The best part about flying across the country is the time you get to shut off from the digitally-connected world to be left alone with your thoughts… Or your book. That is if you can resist paying the $7.95 for the WiFi connection. I didn’t give the airline the pleasure of having more of my money so I read some of Alpinist 37 and day dreamed about Alaska.
On that subject… there are several things that I like about Alaska above all other mountain-adventure destinations. It’s vast wilderness, it’s northern climate, and all the features that come with a remote, low-populated area. Compared to the Himalayas, Alps or Andes, there are few established communities that rely on and live in the mountain environment.
I don’t remember where I read this (though I wish I did at the moment,) but I realize its true, the Himalayas by contrast have several mountain villages scattered throughout the mountains. While those village residents rarely visit or rely on the mountains, they change the nature of climbing and trekking expeditions to the region. The villages provide milestones on a journey (if you’re romantic, they offer rustic culture). Alaska on the other hand, doesn’t have this. The Intuit, Haida and other Native Alaskans didn’t settle in mountain passes and consider such terrain simply white, treeless obstacles, but not the kind that dares you to overcome it.
Getting yourself to Alaskan climbing destinations in the Alaska Range, Wrangel Mountains or Revelations is often done by bush planes landing on glaciers or sand bars, depending on the time of year and conditions of the snowpack and river flow. This isn’t done in the Himalayas; helicopters are more common and the air density at the base of the mountains varies from route to route, and in some cases makes flight to that elevation too dangerous to attempt if not physically impossible. While the first glacier landing by bush plane was relatively early in Alaskan climbing history, in 1932 by Alan Carpe, there are routes that still necessitate starting the climb the old fashioned way… from the nearest road, on foot, oftentimes days away, with big packs. When David Roberts and Don Jenson and attempted Mount Deborah in the 1960s, they actually carried more gear than they could carry on their backs; they shuttled packs by carrying one pack at a time, dropping it off, returning for the other and repeat.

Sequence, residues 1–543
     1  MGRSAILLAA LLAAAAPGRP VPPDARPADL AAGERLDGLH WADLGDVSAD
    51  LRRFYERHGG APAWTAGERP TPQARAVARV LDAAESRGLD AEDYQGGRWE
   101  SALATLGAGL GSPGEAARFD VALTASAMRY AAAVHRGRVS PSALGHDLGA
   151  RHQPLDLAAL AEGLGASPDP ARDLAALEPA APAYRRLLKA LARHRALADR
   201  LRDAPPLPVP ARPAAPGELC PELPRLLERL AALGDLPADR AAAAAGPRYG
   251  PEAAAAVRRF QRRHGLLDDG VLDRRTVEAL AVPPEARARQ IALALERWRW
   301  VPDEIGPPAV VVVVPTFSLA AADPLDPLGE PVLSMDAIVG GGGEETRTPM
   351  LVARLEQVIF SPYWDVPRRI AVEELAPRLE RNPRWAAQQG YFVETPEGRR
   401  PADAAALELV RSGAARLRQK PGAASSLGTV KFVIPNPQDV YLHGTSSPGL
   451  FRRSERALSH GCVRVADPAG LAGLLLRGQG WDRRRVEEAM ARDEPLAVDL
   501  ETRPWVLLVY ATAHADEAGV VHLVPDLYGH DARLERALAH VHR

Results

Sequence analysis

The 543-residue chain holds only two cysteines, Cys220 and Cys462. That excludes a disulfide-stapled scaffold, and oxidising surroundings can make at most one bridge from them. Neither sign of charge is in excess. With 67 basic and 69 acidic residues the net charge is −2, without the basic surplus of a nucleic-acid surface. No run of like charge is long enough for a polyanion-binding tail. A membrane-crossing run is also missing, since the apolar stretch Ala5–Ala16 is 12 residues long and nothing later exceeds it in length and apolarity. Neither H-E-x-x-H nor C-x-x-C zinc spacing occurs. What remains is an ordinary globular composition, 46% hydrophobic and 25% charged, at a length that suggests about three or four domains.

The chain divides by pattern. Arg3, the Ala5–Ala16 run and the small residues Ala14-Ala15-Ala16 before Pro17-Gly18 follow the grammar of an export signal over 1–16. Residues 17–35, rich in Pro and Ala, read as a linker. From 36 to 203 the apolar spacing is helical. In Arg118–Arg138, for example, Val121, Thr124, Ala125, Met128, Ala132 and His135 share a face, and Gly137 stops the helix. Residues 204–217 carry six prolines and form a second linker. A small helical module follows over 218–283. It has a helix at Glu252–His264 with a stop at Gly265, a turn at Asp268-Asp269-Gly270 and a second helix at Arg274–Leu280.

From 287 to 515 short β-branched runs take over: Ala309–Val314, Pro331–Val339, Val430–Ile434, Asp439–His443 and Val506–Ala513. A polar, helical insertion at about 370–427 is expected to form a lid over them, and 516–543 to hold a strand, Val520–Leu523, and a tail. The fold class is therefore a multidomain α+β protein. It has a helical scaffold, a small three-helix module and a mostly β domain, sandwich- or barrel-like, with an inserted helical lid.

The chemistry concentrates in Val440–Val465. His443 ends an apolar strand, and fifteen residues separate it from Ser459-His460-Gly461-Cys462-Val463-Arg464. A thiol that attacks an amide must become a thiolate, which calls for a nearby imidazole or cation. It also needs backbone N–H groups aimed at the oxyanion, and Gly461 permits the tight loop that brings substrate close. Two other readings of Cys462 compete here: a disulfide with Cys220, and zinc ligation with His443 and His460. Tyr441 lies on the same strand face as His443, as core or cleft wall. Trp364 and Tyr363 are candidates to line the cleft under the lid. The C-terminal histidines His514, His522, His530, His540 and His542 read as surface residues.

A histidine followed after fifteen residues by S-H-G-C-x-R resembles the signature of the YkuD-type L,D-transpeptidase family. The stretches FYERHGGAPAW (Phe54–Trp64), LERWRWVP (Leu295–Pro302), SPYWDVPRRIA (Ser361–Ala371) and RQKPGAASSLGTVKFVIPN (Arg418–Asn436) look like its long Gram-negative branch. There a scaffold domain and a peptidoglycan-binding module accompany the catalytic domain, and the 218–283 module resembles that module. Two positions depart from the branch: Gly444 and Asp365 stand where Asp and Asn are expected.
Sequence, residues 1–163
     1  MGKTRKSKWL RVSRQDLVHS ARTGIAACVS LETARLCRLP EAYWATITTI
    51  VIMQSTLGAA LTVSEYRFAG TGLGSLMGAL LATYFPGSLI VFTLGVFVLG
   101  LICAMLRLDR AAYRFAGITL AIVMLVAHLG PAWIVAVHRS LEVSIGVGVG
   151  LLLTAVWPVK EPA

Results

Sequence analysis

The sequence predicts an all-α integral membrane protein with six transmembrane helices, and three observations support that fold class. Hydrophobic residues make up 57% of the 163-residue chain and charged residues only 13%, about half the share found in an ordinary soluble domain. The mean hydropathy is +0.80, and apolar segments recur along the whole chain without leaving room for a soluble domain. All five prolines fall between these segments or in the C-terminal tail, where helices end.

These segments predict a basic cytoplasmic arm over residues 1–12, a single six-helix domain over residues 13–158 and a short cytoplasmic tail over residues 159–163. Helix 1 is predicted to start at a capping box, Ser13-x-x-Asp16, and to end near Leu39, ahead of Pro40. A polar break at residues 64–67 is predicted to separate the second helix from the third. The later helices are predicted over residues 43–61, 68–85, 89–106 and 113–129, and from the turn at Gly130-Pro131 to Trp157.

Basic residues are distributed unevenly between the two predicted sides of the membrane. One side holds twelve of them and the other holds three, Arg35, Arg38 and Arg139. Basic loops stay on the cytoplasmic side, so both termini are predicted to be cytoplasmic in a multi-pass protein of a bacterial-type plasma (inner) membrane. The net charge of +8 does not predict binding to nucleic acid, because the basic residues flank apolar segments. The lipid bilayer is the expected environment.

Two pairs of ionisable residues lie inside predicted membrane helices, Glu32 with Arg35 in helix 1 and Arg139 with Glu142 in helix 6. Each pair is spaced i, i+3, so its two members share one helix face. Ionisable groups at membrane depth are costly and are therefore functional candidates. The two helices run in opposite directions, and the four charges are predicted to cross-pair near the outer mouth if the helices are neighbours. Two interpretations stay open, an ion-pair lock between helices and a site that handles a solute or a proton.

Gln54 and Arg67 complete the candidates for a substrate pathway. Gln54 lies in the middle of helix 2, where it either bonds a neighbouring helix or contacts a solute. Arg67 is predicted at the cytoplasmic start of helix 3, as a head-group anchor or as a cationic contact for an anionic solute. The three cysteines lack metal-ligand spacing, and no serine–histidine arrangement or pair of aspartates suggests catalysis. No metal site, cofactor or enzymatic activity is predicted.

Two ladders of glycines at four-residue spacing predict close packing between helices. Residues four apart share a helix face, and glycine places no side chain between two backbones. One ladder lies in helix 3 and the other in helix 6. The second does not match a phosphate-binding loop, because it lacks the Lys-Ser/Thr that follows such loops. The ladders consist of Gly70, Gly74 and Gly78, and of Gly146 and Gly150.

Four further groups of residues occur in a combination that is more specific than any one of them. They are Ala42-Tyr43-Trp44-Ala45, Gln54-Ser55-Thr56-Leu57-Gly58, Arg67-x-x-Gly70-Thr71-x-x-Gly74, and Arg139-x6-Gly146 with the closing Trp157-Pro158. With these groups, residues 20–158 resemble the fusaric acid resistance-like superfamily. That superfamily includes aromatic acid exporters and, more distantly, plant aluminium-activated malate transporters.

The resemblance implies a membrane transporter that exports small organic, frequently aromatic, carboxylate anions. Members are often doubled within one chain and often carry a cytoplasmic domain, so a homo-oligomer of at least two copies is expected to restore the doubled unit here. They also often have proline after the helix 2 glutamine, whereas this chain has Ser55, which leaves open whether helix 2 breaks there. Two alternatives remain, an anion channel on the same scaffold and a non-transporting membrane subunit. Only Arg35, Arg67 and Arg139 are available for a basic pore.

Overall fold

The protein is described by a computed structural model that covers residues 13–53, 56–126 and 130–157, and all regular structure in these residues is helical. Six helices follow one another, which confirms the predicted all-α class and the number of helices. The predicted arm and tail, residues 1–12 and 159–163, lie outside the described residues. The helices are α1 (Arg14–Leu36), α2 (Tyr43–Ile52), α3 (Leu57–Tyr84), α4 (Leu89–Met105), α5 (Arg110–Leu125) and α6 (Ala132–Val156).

Dropping supplies by bush plane was a common practice through the 1960s for well-organized expeditions. This enabled a team to get part way up their chosen route without having to carry all the food and cooking fuel in their packs. However, it was inefficient and littering. Oftentimes the air dropped packages where smashed on impact, with canned goods opened and spoiling. Other times packages were never found. The practice has since been discontinued officially in some parts, like Denali National Park, and unofficially in others thanks to Leave No Trace ethics (which always makes me think of climbers choosing to leave a pack or extra ice axe up high out of a matter of convenience).
But walking in — what climbing guide author and former Denali Ranger, Jonathan Waterman, calls “Alaskan pioneer style” — is still necessary for access to Denali’s north face, Wickersham Wall, and long approaches from roads are required for other regions too, especially where there are no landing areas suitable for bush planes. And as Waterman points out repeatedly in High Alaska, it’s often the approach — especially the hazards or river crossings — that are more consistently life threatening than the ascents and descents.
Again by comparison, last I checked, the most common hazards en route to K2 or Broad Peak is the altitude and the food and water quality in Askole. Bears, river crossings, tussock fields, and an angry mother moose… They’re is nothing else like North America’s far north.